A study of comedication of stimulants and MAO inhibitors in depression found no problems arising.10 Another study reported successful comedication of selegiline and lisdexamfetamine (Vyvanse) in ADHD and comorbid depression11
Thus, combination medication of selegiline with stimulants may also be considered for ADHD.

  1. Ernst, Liebenauer, Jons, Tebeka, Cohen, Zametkin (1996): Selegiline in adults with attention deficit hyperactivity disorder: clinical efficacy and safety. Psychopharmacol Bull. 1996;32(3):327-34. PMID: 8961775.

  2. Feigin, Kurlan, McDermott, Beach, Dimitsopulos, Brower, Chapieski, Trinidad, Como, Jankovic (1996): A controlled trial of deprenyl in children with Tourette’s syndrome and attention deficit hyperactivity disorder. Neurology. 1996 Apr;46(4):965-8. doi: 10.1212/wnl.46.4.965. PMID: 8780073.

  3. Jankovic J. Deprenyl in attention deficit associated with Tourette’s syndrome. Arch Neurol. 1993 Mar;50(3):286-8. doi: 10.1001/archneur.1993.00540030052014. PMID: 8442708. n = 29

  4. Niederhofer (2003): Selegiline and methylphenidate in treatment of ADHD. Psychiatr Danub. 2003 Jun;15(1-2):3-6. PMID: 19112366. n = 15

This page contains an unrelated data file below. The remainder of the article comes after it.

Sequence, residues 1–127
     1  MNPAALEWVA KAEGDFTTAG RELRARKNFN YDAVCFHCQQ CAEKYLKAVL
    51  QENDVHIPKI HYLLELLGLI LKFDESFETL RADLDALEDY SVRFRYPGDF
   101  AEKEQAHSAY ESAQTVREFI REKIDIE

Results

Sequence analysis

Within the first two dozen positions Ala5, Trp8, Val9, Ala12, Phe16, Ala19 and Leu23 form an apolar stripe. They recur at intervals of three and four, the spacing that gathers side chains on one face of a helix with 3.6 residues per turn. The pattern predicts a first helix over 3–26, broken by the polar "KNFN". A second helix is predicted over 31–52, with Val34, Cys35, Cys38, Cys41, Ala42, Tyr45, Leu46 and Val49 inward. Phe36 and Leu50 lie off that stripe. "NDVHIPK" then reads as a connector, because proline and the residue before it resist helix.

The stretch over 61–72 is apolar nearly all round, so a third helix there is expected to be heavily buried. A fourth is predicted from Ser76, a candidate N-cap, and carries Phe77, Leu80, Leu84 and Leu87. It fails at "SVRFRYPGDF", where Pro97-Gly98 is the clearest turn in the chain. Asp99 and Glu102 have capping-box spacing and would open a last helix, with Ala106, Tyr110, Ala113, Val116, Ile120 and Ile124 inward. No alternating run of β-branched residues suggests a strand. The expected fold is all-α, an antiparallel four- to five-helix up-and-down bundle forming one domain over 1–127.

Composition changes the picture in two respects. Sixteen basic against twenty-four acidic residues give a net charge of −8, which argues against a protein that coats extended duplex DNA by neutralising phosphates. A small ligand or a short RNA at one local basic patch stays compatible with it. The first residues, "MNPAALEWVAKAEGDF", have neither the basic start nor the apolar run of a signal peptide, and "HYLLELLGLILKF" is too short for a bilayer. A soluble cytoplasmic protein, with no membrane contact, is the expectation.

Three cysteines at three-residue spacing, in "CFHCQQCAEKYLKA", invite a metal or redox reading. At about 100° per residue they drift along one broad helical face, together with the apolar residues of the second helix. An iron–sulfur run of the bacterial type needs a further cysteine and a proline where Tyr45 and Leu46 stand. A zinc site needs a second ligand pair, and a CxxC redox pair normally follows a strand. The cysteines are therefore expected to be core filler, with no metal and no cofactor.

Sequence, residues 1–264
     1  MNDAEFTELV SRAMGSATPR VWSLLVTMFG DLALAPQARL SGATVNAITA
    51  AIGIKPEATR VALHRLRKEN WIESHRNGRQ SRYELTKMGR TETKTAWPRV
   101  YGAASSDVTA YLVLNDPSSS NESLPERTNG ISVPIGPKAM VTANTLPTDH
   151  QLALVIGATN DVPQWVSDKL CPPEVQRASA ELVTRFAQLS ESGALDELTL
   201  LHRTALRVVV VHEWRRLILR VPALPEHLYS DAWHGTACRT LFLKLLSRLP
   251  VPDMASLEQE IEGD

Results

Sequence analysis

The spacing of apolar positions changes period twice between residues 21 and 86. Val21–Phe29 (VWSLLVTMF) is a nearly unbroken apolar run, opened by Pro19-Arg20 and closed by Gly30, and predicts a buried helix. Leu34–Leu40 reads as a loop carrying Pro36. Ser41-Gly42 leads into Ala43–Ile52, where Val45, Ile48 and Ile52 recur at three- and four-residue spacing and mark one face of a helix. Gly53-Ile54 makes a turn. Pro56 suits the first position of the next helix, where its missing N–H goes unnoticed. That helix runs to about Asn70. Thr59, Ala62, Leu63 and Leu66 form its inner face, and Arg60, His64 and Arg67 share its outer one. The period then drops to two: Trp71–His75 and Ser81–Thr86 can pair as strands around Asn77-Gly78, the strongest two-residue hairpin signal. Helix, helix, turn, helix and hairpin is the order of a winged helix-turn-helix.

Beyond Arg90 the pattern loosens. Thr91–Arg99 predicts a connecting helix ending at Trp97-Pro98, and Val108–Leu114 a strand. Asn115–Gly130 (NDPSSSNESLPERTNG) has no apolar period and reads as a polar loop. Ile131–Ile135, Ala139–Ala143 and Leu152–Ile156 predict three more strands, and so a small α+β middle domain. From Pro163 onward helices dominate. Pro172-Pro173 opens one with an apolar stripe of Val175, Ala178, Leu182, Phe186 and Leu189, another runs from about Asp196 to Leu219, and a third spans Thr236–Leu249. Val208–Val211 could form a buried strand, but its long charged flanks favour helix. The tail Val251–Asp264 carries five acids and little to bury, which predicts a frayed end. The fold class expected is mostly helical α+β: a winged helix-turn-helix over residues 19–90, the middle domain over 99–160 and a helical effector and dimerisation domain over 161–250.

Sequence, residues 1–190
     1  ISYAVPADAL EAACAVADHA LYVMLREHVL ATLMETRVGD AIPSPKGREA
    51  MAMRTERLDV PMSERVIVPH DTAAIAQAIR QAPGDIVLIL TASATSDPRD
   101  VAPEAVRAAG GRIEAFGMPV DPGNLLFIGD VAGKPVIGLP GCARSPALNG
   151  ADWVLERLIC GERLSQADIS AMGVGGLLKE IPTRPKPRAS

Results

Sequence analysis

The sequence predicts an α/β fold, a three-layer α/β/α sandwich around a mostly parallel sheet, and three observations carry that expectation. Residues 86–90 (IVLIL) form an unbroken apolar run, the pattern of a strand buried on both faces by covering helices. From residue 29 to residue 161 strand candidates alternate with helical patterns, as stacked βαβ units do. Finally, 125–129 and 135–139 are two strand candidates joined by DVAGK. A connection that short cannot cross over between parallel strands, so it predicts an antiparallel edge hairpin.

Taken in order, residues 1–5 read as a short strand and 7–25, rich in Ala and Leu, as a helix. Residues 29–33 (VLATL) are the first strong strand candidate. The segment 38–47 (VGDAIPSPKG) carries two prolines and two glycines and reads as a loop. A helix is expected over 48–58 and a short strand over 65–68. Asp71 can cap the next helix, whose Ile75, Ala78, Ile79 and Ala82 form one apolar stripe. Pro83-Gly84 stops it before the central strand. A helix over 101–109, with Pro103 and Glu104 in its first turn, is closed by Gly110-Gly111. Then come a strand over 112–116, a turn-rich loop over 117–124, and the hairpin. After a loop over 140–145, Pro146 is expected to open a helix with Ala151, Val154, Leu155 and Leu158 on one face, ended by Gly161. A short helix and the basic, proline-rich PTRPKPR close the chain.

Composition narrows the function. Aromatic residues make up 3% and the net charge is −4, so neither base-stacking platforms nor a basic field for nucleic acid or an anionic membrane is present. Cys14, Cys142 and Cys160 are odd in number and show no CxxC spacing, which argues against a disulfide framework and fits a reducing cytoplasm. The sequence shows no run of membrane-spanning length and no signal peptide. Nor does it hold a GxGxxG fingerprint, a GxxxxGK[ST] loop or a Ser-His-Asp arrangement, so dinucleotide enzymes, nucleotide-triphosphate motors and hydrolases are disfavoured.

5. Akhondzadeh, Tavakolian, Davari-Ashtiani, Arabgol, Amini (2003): Selegiline in the treatment of attention deficit hyperactivity disorder in children: a double blind and randomized trial. Prog Neuropsychopharmacol Biol Psychiatry. 2003 Aug;27(5):841-5. doi: 10.1016/S0278-5846(03)00117-9. PMID: 12921918. n = 28

  6. Mohammadi MR, Ghanizadeh A, Alaghband-Rad J, Tehranidoost M, Mesgarpour B, Soori H. Selegiline in comparison with methylphenidate in attention deficit hyperactivity disorder children and adolescents in a double-blind, randomized clinical trial. J Child Adolesc Psychopharmacol. 2004 Fall;14(3):418-25. doi: 10.1089/cap.2004.14.418. PMID: 15650498. n = 40

  7. Rubinstein, Malone, Roberts, Logan (2006): Placebo-controlled study examining effects of selegiline in children with attention-deficit/hyperactivity disorder. J Child Adolesc Psychopharmacol. 2006 Aug;16(4):404-15. doi: 10.1089/cap.2006.16.404. PMID: 16958566. n = 11

  8. Boix, Qiao, Kolpus, Sagvolden (1998): Chronic L-deprenyl treatment alters brain monoamine levels and reduces impulsiveness in an animal model of Attention-Deficit/Hyperactivity Disorder. Behav Brain Res. 1998 Jul;94(1):153-62. doi: 10.1016/s0166-4328(97)00176-9. PMID: 9708846.

  9. Moore, Saadabadi (2018): Selegiline. SourceStatPearls [Internet]. Treasure Island (FL): StatPearls Publishing; 2018-2018 Aug 30.

  10. Feinberg (2004): Combining stimulants with monoamine oxidase inhibitors: a review of uses and one possible additional indication. J Clin Psychiatry. 2004 Nov;65(11):1520-4. doi: 10.4088/jcp.v65n1113. PMID: 15554766.

  11. Israel (2015): Combining Stimulants and Monoamine Oxidase Inhibitors: A Reexamination of the Literature and a Report of a New Treatment Combination. Prim Care Companion CNS Disord. 2015 Dec 10;17(6):10.4088/PCC.15br01836. doi: 10.4088/PCC.15br01836. PMID: 27057401; PMCID: PMC4805402., REVIEW